PHOENIX, Arizona, September 3. IF you were anywhere near the Internet Monday afternoon, you are keenly aware that after 35 years of trying, Diana Nyad made the 110-mile swim from Havana, Cuba, to the Florida Keys in the United States. Many have tried it, and this was Nyad's fifth -- and by her accounts, final -- attempt at the swim. The key component of her success was the use of a special mask and gloves that protected her from serious jellyfish stings, something that has derailed past swims. The mask did have its drawbacks, as it caused Nyad to swallow large amounts of sea water and become ill for about 13 hours of the 53-hour and 54-minute swim. But Nyad was able to make it to the Florida shore, and was released from the hospital very shortly after being admitted to check her vital signs. And there's no rest for the 64-year-old. She is preparing for a 48-hour nonstop swim in a 50-meter pool that will be designed by Myrtha Pools in the heart of New York City. This swim will primarily serve as a fundraiser in October close to the one-year anniversary of Hurricane Sandy, which caused a lot of damage to New York City and surrounding areas.

At the time Nyad was jumping into the water off the coast of Havana on Saturday morning to start her swim, the teenage stars at the junior world championships were finishing up competition in Dubai. Mack Horton won his fifth gold medal in the 1500 freestyle with a 14:56.60, cementing his spot at seventh in the world rankings and a lifetime best by three seconds. Horton was clearly the male swimmer of the meet after winning the 200, 400, 800 and 1500 freestyles. No man has done that at a major international meet, though the great Grant Hackett came close, winning the 400, 800 and 1500 at the 2005 world championships and placing second behind Michael Phelps in the 200 free. Ruta Meilutyte won the most medals among female swimmers with six, four of which were gold.


The United States won the overall team trophy, but the boys team finished out the meet with a stinging disqualification in the medley relay. Butterflyer Matthew Josa left the blocks 21 hundredths of a second too early, a little bit of d?j? vu from the medley relay in Barcelona, when breaststroker Kevin Cordes was .04 early on his takeoff.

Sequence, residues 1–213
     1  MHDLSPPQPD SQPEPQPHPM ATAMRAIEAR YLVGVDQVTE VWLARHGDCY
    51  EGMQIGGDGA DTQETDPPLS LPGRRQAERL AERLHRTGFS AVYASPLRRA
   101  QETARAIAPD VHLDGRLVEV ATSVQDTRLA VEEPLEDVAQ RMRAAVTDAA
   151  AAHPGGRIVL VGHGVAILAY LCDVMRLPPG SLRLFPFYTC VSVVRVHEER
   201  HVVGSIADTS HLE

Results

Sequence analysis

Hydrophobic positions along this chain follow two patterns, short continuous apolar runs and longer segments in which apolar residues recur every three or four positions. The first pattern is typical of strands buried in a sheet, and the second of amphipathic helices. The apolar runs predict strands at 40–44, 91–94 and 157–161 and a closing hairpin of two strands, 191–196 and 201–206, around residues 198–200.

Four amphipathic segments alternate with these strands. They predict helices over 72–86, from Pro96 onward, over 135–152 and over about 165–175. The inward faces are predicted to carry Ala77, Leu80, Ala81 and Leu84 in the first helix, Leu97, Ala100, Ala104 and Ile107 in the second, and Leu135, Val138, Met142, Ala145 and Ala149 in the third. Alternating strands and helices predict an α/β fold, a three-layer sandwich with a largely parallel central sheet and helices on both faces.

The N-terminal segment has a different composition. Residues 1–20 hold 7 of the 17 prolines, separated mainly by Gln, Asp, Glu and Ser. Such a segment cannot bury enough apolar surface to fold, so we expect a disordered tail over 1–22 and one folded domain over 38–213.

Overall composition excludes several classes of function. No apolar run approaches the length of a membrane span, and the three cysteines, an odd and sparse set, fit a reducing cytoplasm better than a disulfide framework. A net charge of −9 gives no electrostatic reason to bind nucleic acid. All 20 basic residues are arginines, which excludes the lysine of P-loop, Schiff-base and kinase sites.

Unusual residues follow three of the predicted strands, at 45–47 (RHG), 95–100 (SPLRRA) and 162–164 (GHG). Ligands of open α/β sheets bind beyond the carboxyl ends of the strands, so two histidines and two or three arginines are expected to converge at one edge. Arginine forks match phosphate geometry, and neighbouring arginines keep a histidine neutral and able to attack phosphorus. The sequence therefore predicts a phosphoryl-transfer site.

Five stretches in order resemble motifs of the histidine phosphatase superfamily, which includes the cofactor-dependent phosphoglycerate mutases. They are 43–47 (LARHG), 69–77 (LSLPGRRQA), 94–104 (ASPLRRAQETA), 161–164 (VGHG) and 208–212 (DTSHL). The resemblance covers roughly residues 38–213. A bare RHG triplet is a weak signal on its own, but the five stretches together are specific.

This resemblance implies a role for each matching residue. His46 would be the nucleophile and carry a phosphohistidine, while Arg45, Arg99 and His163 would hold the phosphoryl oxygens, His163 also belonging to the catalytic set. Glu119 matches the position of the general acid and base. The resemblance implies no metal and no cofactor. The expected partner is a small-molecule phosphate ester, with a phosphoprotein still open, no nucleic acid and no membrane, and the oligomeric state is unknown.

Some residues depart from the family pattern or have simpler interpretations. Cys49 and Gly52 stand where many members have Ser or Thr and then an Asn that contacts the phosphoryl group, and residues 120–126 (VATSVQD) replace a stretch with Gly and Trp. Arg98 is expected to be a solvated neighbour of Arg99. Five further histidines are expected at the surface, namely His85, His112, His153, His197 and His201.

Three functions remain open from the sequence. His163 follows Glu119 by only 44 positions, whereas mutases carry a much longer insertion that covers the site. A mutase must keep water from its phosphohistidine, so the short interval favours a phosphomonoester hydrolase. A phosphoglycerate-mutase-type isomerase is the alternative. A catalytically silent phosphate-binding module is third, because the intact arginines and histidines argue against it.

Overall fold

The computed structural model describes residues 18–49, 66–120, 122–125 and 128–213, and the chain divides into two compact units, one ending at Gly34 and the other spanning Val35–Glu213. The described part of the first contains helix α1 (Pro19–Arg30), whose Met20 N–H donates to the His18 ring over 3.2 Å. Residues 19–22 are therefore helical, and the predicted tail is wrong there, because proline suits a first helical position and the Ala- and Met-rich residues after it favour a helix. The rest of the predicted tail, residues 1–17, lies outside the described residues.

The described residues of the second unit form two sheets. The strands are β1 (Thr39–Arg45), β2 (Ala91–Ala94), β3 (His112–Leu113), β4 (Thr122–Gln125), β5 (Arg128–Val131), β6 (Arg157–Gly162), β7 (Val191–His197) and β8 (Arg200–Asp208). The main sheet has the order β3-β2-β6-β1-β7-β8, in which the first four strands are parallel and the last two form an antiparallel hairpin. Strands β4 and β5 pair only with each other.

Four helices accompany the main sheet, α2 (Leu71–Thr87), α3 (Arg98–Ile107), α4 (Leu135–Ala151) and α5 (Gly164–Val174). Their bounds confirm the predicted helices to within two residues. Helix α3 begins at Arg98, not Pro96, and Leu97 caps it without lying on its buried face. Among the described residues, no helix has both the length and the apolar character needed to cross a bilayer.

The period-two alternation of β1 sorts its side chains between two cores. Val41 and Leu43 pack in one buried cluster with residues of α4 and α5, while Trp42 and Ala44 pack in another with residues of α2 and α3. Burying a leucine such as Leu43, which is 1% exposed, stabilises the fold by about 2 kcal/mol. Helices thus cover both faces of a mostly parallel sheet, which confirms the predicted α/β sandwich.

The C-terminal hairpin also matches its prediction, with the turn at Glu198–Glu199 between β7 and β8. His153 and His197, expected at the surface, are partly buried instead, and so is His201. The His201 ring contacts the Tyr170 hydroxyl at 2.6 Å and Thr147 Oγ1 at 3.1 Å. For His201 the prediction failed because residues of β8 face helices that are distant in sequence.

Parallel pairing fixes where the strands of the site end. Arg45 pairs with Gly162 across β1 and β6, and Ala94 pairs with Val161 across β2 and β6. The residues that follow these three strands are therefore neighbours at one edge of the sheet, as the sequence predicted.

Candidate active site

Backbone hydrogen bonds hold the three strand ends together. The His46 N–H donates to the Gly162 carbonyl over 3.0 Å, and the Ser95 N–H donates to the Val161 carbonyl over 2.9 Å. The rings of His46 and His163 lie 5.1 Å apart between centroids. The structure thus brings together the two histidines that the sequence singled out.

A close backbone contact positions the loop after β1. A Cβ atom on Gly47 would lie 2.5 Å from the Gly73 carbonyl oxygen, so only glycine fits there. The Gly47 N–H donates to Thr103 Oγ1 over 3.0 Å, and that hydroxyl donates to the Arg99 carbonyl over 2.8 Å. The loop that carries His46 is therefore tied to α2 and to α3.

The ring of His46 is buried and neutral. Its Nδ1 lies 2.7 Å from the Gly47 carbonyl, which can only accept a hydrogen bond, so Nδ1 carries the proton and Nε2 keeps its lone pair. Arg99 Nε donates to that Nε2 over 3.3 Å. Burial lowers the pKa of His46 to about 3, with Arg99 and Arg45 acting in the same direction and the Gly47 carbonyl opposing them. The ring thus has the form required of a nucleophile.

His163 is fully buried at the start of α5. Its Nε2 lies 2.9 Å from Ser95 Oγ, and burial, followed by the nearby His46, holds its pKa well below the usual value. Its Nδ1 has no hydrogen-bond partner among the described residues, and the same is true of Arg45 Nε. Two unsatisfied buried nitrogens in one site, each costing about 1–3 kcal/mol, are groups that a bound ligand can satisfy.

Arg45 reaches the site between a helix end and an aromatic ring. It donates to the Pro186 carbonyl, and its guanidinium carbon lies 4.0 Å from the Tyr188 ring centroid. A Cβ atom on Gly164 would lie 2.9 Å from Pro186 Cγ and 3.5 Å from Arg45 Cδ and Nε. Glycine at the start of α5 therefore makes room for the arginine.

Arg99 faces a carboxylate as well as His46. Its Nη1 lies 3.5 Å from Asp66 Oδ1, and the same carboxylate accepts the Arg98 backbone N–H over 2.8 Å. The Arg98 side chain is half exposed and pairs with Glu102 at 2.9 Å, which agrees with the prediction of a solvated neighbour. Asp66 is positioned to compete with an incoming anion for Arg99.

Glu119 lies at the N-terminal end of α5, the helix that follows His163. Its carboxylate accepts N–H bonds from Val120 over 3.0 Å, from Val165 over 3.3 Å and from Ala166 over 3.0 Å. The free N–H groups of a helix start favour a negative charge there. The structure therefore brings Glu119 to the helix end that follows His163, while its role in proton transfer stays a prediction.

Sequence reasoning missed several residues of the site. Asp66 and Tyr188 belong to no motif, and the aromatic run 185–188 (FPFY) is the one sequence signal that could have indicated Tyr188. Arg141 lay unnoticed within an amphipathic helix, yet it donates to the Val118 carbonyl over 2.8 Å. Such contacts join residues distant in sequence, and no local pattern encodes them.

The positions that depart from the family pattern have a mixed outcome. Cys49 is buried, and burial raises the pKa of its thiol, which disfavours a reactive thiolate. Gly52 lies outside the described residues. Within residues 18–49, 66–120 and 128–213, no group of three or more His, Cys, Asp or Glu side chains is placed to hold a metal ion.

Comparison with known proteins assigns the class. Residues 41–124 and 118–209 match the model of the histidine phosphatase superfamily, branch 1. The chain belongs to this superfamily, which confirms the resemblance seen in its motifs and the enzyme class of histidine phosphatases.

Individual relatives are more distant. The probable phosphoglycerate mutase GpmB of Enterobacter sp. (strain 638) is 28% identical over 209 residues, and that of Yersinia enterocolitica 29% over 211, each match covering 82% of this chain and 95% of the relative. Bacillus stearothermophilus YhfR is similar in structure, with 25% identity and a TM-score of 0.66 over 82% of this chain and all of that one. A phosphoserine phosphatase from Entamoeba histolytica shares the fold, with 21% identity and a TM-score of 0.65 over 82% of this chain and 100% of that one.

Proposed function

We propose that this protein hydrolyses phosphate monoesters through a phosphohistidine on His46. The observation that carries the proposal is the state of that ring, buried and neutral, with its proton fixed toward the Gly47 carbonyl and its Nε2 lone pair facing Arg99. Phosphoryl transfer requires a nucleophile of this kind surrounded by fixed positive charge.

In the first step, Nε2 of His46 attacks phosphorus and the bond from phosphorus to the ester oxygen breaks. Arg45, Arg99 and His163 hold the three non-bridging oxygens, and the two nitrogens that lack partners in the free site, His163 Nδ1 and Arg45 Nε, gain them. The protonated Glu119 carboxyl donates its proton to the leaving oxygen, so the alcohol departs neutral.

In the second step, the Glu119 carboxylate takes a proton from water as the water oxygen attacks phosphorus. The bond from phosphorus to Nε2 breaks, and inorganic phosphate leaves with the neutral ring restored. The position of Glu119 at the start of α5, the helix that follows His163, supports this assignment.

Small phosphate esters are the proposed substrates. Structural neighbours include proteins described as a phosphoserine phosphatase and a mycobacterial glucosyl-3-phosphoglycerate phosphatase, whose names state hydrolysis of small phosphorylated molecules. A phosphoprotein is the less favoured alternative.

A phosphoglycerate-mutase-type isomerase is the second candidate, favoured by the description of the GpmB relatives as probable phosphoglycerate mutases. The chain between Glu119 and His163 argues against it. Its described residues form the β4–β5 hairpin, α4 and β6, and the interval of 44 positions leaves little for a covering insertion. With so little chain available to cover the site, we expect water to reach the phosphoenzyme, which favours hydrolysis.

But there was much to celebrate at the start of the session, as Caeleb Dressel won the 100 free in 48.97, becoming the youngest American to go under 49 seconds. The 17-year-old beat Michael Phelps' national age group record of 49.05 from when Phelps was 18 years old, and sets Dressel up for a great future in sprint freestyle.

And just when you think you have enough time to catch your breath, another big meet begins. The Chinese are holding their National Games this week, and it's one of the biggest on the Chinese swimming calendar. Prize money is offered to the top finishers, so we could see some good racing. Sun Yang is reportedly scheduled to swim the freestyle events, from the 100 to the 1500. We'll see if he can walk away with five gold medals.

Bob Bowman is collecting a lot of elite swimmers at North Baltimore Aquatic Club, now that he's back into coaching full time. Yannick Agnel, Allison Schmitt and Conor Dwyer were already part of the team before the world chamionships, and we told you last week about Tom Luchsinger moving to the squad. But over the weekend, we learned that Danish distance star Lotte Friis and American middle distance freestyler Matt McLean will be making the move to Baltimore. For Friis, this will be a temporary move, as she's only set to be there through December to train for the short course European championships. As for McLean, it's a new place to go after losing his longtime coach Mark Bernardino to a sudden retirement, and an opportunity to train with Agnel and Dwyer, two of the best freestylers in the world.